REQUESTED BY: James S. Jansen, Douglas County Attorney
QUESTION: Does the county attorney have a potential conflict of interest if he represents the county in a lawsuit pertaining to a retirement plan in which he participates?
On June 14, 1996 a petition requesting a declaratory judgment and injunctive relief was filed against Douglas County and the Douglas County Board of Commissioners. The plaintiffs in this action are employees of Douglas County who participate in its employees' retirement system. The plaintiffs claim to be bringing the action on behalf of all Douglas County employees who contribute to the retirement plan. This class would include the Douglas County Attorney and his deputies.
In their petition, the plaintiffs allege that all county employees participating in the retirement system have been treated in the same manner since 1963. They further state that in February and March of 1996 the county board took action by which the members of two unions representing a segment of the Douglas County employees would receive benefits on a different basis. The net effect for this category of employees is that they would receive higher retirement benefits. The plaintiffs appear to take the position that these higher benefits will cause harm to the participants in the retirement plan who are not members of these two unions. They specifically allege that the resolutions result in the transfer of $3,241,000 in benefits from the plan as a whole to the members of the two unions. Douglas County appears to take the position that the increased benefits are funded by increased contributions from both the employees and the county and there is no detrimental effect on the other county employees.
The county attorney wishes to know if he has a potential conflict of interest in defending the county in this lawsuit.
Section 49-1499 of the Nebraska Political Accountability and Disclosure Act identifies a potential conflict of interests as a situation in which an official is faced with taking an action or making a decision which may cause a financial benefit or detriment to: a) the official; b) a member of his or her immediate family; or c) a business with which the official is associated. In addition, the benefit or detriment must be distinguishable from the effect experienced by the general public or a broad segment of it.
Section 49-1499 applies to "an individual designated in §49-1493 or an official or employee of the executive branch of state government . . ." Section 49-1493(10) refers to "an elected county official." Thus, a county attorney is subject to the provisions of §49-1499. The question thus becomes whether or not the county attorney's representation of the county in this lawsuit constitutes taking an action or making a decision which could result in a financial benefit to himself. It is our opinion that it does.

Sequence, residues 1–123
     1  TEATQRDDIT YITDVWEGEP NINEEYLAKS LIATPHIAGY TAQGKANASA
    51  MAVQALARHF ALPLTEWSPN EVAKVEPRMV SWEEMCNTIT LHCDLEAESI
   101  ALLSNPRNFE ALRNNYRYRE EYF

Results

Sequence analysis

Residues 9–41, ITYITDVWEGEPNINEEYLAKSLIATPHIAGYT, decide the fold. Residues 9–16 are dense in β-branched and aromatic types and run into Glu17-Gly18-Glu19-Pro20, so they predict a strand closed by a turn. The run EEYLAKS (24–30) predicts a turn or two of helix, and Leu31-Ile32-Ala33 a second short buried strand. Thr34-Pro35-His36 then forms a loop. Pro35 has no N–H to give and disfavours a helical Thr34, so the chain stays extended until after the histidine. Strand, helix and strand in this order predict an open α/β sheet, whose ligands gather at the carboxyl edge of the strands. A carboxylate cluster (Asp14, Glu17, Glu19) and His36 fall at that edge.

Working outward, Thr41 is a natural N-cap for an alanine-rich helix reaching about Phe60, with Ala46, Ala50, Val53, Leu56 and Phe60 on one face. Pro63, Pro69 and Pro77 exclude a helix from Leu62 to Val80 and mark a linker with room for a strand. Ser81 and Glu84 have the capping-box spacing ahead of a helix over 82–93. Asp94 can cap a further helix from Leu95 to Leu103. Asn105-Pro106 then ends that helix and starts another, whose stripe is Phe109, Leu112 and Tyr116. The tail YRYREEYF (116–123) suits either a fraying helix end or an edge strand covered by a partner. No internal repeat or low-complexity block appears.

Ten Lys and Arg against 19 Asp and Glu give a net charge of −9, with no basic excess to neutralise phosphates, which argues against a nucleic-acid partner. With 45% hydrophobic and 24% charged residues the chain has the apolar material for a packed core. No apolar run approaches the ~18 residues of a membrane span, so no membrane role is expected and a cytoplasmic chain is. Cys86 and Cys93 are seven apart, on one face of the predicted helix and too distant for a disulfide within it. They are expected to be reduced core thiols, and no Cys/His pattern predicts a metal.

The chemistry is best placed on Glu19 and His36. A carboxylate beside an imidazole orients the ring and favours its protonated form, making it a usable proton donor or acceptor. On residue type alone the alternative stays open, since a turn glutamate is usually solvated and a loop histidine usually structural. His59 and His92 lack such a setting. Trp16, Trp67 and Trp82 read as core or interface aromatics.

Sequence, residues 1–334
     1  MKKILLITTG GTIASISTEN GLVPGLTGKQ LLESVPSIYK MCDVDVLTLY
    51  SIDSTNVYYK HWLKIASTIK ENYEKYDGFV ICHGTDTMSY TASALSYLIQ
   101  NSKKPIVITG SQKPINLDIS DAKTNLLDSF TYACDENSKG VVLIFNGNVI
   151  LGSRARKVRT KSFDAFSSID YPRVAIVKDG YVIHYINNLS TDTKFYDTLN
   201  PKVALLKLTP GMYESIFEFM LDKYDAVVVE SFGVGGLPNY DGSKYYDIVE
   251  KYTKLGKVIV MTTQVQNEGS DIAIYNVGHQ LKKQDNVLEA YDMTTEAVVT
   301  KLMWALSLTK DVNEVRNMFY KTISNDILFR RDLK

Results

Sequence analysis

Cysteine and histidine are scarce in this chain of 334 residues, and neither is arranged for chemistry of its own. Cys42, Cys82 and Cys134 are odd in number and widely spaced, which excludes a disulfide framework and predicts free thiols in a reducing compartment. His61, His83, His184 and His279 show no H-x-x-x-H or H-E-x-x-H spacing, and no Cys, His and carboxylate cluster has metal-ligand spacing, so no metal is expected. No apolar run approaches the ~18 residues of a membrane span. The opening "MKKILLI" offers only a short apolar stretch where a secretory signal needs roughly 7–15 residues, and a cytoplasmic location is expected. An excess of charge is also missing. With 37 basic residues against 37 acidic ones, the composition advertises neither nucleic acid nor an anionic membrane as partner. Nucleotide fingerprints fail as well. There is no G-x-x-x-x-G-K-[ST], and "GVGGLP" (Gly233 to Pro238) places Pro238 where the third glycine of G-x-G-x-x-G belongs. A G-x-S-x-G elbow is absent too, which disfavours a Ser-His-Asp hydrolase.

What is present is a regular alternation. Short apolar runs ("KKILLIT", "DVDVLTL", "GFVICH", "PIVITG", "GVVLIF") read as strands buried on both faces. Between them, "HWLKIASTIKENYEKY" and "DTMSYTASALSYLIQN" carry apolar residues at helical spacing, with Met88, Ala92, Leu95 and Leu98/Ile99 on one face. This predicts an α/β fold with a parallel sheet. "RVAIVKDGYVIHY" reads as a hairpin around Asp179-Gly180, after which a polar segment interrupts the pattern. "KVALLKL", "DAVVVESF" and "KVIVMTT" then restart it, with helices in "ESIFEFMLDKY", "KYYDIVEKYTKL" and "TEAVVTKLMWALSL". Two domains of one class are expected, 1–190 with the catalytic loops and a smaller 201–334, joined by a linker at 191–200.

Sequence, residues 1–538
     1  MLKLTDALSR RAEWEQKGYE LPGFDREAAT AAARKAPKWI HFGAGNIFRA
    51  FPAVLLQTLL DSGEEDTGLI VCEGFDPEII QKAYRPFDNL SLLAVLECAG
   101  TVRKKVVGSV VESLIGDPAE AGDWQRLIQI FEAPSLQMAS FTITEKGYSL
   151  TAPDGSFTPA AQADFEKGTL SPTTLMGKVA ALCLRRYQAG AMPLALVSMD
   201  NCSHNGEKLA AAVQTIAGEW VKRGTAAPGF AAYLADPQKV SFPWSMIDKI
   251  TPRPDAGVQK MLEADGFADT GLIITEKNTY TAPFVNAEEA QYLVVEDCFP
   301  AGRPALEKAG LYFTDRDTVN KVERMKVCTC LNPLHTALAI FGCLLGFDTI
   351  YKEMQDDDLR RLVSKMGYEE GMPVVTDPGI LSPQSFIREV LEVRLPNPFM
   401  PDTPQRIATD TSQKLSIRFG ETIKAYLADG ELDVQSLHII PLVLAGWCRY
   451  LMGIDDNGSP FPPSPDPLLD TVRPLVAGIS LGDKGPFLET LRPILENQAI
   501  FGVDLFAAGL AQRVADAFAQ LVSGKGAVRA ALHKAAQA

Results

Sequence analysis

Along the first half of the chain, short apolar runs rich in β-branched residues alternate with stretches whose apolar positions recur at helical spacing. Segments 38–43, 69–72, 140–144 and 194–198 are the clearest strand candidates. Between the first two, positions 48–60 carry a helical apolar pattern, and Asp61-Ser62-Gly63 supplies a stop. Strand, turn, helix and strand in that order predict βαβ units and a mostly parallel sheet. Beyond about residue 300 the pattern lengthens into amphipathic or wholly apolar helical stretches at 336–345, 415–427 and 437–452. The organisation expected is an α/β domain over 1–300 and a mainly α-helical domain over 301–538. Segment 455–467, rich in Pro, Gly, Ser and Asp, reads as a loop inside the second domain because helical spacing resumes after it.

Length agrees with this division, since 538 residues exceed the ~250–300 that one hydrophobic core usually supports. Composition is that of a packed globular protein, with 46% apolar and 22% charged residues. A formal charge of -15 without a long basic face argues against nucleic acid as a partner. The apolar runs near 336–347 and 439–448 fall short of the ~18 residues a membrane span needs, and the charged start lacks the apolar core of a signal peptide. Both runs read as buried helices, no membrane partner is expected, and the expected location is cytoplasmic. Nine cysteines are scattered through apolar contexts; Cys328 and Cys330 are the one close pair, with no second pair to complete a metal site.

When considering the application of §49-1499, the Commission has used the "reasonably foreseeable" test. That is, any potential benefit or detriment must be reasonably foreseeable. See Advisory Opinion #79. In the lawsuit, the plaintiffs have alleged that $3,241,000 has been taken from a class of employees which includes the county attorney and his deputies and has been given to another class of county employees. This may or may not be the case. We express no opinion as to whether this has occurred. However, it is a matter at issue before the District Court of Douglas County. A judge may ultimately decide that the allegation is not true. However, a judge may find that the allegation is true in which case the county attorney would be taking actions or making decisions in a matter in which there may be a financial benefit or detriment to him.
As stated, the provisions of §49-1499 do not apply if the action or decision would have an effect which is indistinguishable from the effect on the general public or a broad segment of it. This raises the question as to whether the 1,300 Douglas County employees constitute a broad segment of the general public. It is our opinion that they do not and §49-1499 applies in this matter. We note that in Advisory Opinion #144 we took the position that the approximately 800 entities holding liquor licenses did not constitute a broad segment of the 335,000 people living in the City of Omaha. We find here that the 1,300 Douglas County employees do not constitute a broad segment of the approximately 400,000 people living in Douglas County.